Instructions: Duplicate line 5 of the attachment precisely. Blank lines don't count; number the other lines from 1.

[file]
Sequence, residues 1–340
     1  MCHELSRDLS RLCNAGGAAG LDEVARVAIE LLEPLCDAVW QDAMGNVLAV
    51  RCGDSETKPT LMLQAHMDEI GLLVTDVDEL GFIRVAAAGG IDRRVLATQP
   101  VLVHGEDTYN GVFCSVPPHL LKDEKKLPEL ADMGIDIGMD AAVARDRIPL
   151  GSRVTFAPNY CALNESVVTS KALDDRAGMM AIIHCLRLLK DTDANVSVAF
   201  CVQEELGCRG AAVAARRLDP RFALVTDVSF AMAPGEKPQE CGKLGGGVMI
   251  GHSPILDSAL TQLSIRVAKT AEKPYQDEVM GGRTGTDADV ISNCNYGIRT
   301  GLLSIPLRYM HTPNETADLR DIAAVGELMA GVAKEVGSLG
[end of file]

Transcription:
   151  GSRVTFAPNY CALNESVVTS KALDDRAGMM AIIHCLRLLK DTDANVSVAF